Walter J. Kiernan (January 25, 1902 – January 8, 1978) was an American radio, television, and print journalist and author, as well as television game show host during the early days of the medium.
Walter Kiernan began his career as a journalist in New Haven in the early 1920s as a feature writer for the Elm City (Conn.) Clarion and the New Haven (Conn.) Union. He was a writer and editor of the New Haven Register from 1926 to 1928. He wrote for The Saturday Evening Post and started The Town Crier newspaper of West Haven, Connecticut in 1930.
Kiernan was an Associated Press (AP) correspondent from 1928–29 and joined the now long since defunct International News Service (INS) as manager of its Hartford bureau in 1937. The following year he was moved to New York, serving until 1943 as a roving reporter and special assignment writer for INS, during which he spent a remarkable New Year's Eve with British Prime Minister Winston Churchill on a train ride from the United States to Canada during World War II.
While a staff correspondent for the INS, Kiernan wrote the syndicated column Manhattan Side Streets which appeared in papers in Ohio, Pennsylvania, Massachusetts, Indiana and Texas. His column One Man's Opinion was also nationally syndicated by INS. In addition to his fascinating train ride with Winston Churchill, he had previously covered Douglas "Wrong Way" Corrigan's return to New York, as well as the royal visit of King George VI and Queen Mary during their tour of the US in 1939. He also wrote a "Broadway" column in the Dallas Times Herald.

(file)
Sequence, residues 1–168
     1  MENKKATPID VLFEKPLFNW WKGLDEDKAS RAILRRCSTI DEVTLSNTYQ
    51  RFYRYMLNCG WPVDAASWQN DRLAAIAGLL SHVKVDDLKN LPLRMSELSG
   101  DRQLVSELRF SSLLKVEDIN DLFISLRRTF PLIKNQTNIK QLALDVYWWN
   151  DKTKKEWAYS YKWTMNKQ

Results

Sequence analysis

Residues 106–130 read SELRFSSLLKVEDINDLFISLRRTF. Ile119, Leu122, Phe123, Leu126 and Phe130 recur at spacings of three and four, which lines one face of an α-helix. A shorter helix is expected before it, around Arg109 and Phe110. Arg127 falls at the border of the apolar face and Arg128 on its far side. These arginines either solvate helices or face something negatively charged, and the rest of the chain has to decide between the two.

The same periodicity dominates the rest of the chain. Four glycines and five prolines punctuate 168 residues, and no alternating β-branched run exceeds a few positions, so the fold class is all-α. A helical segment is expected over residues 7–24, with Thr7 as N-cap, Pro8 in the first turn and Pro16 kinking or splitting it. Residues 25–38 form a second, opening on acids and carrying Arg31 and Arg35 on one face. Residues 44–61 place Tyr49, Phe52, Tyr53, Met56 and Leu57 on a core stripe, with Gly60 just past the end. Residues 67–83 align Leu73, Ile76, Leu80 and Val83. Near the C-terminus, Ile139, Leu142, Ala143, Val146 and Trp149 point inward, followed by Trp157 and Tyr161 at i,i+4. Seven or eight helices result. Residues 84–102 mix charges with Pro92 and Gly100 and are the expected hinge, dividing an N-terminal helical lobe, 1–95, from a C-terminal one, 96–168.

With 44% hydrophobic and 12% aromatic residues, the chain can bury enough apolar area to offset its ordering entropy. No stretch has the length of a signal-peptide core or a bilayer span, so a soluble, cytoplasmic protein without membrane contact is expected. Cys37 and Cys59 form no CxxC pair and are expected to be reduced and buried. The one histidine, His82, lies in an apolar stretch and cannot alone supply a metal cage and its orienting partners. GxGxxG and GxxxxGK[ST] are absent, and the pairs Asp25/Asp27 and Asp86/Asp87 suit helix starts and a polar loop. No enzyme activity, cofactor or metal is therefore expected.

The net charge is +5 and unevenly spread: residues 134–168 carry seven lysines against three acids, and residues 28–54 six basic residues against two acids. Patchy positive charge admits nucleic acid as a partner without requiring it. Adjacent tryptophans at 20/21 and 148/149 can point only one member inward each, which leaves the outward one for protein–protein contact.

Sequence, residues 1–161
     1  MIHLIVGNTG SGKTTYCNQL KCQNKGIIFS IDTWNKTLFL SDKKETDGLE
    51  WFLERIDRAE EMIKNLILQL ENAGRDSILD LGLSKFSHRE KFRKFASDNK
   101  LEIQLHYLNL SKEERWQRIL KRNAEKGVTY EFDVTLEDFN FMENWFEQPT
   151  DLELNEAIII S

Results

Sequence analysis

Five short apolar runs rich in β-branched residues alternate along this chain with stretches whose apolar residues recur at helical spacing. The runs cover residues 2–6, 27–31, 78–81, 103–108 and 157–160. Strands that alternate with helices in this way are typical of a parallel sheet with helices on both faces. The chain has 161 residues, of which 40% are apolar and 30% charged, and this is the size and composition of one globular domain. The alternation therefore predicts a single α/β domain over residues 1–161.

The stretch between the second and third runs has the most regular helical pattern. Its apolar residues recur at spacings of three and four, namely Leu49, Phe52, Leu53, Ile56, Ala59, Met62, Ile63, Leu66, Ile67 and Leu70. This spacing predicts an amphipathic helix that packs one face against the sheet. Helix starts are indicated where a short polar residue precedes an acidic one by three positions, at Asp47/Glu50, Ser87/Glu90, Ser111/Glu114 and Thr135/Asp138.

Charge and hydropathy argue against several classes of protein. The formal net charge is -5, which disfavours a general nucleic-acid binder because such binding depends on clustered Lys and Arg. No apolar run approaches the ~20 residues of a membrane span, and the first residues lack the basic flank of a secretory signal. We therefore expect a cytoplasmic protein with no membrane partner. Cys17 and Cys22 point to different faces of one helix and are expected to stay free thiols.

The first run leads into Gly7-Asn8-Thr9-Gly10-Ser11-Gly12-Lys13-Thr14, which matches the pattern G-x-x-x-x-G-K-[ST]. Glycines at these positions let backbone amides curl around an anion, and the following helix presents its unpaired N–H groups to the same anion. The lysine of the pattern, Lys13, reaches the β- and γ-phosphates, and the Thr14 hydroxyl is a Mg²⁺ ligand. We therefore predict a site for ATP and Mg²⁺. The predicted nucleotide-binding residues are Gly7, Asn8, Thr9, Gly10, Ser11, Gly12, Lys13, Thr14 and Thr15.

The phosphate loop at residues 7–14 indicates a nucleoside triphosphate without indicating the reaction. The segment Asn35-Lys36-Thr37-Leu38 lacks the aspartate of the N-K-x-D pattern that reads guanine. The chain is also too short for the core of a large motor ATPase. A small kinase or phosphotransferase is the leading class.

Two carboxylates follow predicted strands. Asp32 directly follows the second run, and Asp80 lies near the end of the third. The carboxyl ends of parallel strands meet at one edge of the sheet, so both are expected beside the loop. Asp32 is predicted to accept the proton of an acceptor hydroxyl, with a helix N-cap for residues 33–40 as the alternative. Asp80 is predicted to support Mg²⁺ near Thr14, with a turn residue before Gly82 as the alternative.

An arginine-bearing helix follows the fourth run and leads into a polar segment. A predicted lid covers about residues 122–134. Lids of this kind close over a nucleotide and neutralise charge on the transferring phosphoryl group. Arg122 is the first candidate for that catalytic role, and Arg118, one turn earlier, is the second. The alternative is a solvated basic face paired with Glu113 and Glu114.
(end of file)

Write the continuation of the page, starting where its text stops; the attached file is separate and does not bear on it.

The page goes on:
In 1942, he co-authored with another noted columnist, Damon Runyon, The Life Story of Captain Eddie Rickenbacker As heard at The Paley Center for Media (formerly The Museum of Television and Radio), Kiernan's animated reporting and analysis of V-E Day in 1945 remains one of the era's most stirring historical recordings. Walter Kiernan eventually hosted his own news analysis program, Kiernan's Korner, which ran throughout 1948 for ABC Radio. On ABC Radio in 1948 he had a chat program called That Reminds Me, with former New Jersey Governor Harold Hoffman and "Uncle Jim" Harkins. He had an ABC radio chat show in 1951 called Family Circle. Among his guests was Winston Churchill's actress daughter Sarah.
Radio and television
Kiernan hosted several daytime chat and commentary programs on both radio and television throughout the late 1940s and early 1950s, including Kiernan's Corner (1948), Sparring Partners (1949), What's the Story (1951-1953), Who Said That? (1951-1954), I've Got a Secret (1952), Who's the Boss (1954), and history show Stroke of Fate (1952–1953). After the relative success of Stroke of Fate, he began co-hosting NBC Radio's long-running news magazine, Monitor. Kiernan co-hosted Monitor from 1955 to 1960, when the program's format was dramatically changed.
A familiar baritone voice on New York radio for many years, Kiernan's commentary program on WOR Radio's, One Man's Opinion, was heard daily, in addition to co-anchoring WOR-TV's local evening news. He was also a past president of the Catholic Actors Guild in New York. In more national issues he was an early outspoken critic of United States policy in Vietnam, raising objections as early as 1965, and later covering the Paris peace talks.
Walter Kiernan was most remembered in political circles for his reporting of every national political convention from 1940 through 1972. Kiernan retired from journalism after covering the 1968 Republican Convention in Miami. Walter Kiernan died after a protracted struggle with cancer in 1978 at the age of 75.